Hope for Jersey young people to get better access to health services

Constable of St Peter Richard Vibert. Picture: ROB CURRIE. (38041856)

IMPROVING access to health services, food and housing have been revealed as headline priorities for action in the newly published Children, Young People and Families’ Plan.

Children’s Minister Richard Vibert said he hoped the current government could implement at least half of the action points included in the document, which provides an overarching framework for programmes seeking to benefit the lives of children and young people.

It lists a number of ambitions, including improving “timely access to health services”, such as the Child and Adolescent Mental Health Service (CAMHS), as well as ensuring children are living in “appropriate, stable housing” and have “regular access to nutritious food”.

Other areas of focus include helping children to be “positively engaged with education” as well as feeling “accepted, respected and valued” at home and in school. The framework follows on from the previous Children and Young People’s Plan 2019–2023 and, under recent legislation, must be kept under review – with a new plan to be published every four years.

Mr Vibert said: “We will be, in effect, halfway through the plan when the next government is formed but it is constantly reviewed and – at the end of the two years [before the election] – I would like to see us having made good progress.”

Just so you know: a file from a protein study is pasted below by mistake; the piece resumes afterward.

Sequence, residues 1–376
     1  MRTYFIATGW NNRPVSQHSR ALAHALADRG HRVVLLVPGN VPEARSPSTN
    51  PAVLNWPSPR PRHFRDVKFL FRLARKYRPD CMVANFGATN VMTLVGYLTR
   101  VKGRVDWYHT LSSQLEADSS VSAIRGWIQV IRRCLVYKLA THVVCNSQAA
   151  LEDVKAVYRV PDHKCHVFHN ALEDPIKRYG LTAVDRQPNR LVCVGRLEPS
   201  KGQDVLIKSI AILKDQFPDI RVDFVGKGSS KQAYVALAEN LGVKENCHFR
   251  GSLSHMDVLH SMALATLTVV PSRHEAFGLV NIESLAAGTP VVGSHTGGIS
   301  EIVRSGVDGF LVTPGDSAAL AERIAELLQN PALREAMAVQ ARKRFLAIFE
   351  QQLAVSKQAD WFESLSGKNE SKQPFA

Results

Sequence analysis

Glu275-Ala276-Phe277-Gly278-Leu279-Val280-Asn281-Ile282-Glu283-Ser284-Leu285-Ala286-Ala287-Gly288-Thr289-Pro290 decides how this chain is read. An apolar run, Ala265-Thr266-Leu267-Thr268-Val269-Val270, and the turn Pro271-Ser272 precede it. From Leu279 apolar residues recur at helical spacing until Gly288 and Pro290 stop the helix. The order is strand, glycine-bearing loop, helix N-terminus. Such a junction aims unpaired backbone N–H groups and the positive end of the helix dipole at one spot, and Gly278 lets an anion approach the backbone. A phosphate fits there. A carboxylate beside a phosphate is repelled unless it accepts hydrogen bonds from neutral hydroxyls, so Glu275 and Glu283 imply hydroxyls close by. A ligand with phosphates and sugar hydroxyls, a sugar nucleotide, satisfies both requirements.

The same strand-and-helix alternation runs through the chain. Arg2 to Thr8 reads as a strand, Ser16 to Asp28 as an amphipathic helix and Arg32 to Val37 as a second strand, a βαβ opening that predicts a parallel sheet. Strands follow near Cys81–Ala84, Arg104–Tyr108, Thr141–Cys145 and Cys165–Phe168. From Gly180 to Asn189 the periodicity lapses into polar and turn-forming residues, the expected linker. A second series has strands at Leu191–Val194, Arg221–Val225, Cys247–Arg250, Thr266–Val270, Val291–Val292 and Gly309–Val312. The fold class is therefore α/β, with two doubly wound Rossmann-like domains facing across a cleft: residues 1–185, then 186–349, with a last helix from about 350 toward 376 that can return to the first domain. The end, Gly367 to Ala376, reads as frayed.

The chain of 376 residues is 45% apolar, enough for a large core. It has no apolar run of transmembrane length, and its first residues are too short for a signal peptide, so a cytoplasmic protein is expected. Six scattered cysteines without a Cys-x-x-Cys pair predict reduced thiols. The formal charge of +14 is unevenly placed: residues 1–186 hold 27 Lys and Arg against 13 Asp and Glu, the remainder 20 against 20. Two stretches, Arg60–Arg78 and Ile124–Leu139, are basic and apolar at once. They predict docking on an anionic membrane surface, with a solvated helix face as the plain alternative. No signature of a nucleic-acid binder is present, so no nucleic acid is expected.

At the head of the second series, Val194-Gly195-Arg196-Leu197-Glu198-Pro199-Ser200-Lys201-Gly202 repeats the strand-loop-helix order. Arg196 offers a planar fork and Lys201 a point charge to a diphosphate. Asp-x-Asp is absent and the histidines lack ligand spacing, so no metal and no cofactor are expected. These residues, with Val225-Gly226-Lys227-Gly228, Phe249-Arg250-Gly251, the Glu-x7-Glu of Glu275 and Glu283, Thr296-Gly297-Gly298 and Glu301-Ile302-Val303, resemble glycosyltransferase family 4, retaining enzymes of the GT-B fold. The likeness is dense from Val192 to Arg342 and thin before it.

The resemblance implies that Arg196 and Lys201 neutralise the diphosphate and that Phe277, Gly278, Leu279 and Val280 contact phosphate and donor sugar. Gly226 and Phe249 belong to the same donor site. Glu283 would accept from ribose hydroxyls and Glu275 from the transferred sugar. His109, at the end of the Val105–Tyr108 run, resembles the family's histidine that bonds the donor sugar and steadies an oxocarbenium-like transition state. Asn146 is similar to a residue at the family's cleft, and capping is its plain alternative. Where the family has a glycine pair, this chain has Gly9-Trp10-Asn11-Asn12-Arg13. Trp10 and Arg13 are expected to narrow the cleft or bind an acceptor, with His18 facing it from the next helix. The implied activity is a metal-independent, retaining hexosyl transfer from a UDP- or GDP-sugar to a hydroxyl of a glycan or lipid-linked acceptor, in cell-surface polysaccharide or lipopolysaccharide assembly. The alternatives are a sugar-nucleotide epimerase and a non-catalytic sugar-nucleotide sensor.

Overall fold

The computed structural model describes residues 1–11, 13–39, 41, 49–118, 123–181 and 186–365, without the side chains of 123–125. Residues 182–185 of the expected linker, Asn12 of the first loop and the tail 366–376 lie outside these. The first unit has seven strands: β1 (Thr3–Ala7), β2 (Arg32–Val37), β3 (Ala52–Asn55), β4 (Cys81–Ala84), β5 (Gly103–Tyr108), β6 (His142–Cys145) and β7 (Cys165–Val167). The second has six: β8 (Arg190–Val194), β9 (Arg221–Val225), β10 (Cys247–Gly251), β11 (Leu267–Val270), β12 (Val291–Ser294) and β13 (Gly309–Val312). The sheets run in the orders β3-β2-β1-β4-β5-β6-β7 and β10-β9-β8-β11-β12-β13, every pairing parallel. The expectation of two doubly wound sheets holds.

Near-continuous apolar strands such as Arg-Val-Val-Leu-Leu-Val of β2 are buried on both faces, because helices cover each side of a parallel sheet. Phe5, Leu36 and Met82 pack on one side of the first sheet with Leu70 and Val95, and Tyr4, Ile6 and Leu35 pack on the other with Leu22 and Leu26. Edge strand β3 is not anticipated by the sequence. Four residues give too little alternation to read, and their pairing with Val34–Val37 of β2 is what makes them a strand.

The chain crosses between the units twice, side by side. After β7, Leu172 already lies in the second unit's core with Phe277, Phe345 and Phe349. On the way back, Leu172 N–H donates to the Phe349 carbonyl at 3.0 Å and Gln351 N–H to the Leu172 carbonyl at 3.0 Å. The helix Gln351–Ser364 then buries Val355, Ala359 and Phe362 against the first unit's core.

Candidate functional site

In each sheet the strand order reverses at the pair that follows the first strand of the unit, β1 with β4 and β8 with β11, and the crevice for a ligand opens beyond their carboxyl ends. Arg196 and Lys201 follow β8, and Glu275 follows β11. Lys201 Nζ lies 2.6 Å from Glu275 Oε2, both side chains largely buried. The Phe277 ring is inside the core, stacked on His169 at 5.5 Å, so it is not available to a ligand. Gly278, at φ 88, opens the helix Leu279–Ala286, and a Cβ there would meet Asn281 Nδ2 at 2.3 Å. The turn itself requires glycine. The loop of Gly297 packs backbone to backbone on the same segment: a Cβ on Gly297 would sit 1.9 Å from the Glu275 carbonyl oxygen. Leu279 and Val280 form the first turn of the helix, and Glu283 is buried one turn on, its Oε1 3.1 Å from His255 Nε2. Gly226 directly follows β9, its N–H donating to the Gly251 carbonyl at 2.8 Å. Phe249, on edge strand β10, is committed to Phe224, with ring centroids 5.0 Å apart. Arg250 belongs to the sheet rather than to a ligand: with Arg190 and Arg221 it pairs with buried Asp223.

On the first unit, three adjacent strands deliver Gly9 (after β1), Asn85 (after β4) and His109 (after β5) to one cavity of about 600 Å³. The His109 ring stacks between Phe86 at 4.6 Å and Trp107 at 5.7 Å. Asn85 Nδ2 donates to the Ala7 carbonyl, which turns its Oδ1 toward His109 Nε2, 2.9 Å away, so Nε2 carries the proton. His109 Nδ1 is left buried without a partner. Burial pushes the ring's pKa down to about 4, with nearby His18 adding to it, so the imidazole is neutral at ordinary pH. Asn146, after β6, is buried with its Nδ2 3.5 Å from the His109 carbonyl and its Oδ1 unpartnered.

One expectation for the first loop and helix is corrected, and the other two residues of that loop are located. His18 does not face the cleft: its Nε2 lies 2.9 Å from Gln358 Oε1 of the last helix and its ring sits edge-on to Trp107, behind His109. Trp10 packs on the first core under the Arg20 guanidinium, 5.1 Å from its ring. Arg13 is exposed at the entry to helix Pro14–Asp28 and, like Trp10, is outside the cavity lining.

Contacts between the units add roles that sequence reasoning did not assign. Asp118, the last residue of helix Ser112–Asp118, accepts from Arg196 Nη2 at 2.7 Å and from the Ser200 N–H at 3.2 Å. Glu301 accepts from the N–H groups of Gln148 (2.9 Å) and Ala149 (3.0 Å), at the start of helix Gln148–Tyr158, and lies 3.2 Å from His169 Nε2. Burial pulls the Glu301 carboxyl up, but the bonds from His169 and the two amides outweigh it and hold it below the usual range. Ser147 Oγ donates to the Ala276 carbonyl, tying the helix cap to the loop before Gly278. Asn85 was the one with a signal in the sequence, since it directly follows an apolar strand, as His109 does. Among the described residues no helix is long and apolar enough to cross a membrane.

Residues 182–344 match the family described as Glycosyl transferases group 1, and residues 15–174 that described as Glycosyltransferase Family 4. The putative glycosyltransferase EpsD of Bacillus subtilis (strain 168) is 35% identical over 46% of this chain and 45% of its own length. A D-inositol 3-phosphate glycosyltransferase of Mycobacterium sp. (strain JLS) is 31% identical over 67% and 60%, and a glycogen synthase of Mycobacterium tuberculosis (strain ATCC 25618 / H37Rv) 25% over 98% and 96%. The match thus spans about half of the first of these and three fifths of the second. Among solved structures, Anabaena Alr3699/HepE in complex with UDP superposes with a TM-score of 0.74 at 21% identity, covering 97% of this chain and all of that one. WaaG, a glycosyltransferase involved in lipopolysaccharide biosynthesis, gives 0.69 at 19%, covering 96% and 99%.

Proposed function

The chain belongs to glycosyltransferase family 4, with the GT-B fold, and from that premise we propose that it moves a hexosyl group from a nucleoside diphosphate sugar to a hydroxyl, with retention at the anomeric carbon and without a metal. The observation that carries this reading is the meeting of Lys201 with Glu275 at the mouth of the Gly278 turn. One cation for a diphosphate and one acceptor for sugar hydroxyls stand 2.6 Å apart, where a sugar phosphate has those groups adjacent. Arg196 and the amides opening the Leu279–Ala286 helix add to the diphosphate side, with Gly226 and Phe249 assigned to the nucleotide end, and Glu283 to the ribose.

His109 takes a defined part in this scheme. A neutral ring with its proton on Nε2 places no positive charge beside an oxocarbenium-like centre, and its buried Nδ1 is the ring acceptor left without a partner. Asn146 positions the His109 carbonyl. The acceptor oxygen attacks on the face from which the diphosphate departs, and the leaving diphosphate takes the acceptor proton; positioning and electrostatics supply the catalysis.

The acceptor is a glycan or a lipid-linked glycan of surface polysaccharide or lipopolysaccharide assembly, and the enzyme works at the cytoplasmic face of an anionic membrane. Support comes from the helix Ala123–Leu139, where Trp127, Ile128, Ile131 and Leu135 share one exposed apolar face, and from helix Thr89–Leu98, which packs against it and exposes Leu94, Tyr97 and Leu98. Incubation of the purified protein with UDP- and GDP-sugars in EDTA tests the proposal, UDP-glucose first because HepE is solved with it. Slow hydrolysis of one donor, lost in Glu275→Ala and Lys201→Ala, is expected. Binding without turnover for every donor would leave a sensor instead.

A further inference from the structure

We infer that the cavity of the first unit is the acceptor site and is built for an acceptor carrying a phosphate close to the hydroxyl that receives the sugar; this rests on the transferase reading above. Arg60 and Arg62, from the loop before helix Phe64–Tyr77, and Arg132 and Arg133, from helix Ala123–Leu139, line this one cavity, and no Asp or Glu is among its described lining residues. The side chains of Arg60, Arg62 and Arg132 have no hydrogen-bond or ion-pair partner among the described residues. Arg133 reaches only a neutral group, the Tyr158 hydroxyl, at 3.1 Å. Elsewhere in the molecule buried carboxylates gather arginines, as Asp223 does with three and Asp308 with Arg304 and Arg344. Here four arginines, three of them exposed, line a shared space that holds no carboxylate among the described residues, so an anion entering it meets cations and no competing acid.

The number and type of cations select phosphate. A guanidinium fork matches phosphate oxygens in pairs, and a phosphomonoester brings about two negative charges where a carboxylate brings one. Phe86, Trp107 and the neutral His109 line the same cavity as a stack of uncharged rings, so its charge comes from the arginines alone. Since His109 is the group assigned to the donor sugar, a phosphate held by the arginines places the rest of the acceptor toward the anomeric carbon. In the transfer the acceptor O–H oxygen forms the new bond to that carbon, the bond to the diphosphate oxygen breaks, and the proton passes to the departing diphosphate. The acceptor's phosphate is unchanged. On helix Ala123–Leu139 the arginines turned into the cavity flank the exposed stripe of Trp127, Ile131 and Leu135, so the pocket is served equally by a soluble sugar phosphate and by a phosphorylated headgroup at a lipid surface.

He continued: “Some of the things in the plan we are already doing – for instance, school meals. By December this year, we’ll have free school meals in all the non-fee-paying primary schools. The CAMHS services have been improved during the time of the old plan, although they’re also included in this plan. So there are things within it that are ongoing, but I will be ensuring that we’re regularly monitoring the progress.”

Reflecting on recent comments made by Chief Minister Lyndon Farnham – who said that there were several “ailing” primary schools in the Island that needed to be replaced – Mr Vibert added: “We have a number of school buildings that are old. They’re beyond their sell-by-date. Some of them don’t have those green areas that children really need.”

He also noted that housing was a “major concern”.

“For many families, there is a shortage of three- and four-bedroom houses, particularly in social housing, and every child should be entitled to a nice place to live – not substandard accommodation. I’m certainly aware of cases where I’ve tried to help, where there are children involved, where a family desperately need a three-bedroom house or four-bedroom house for the children and that is simply not there.”

Mr Vibert said he hoped the government would have achieved “more than 50%” of the objectives within the plan – which can be viewed via the gov.je website – before the end of its term of office.

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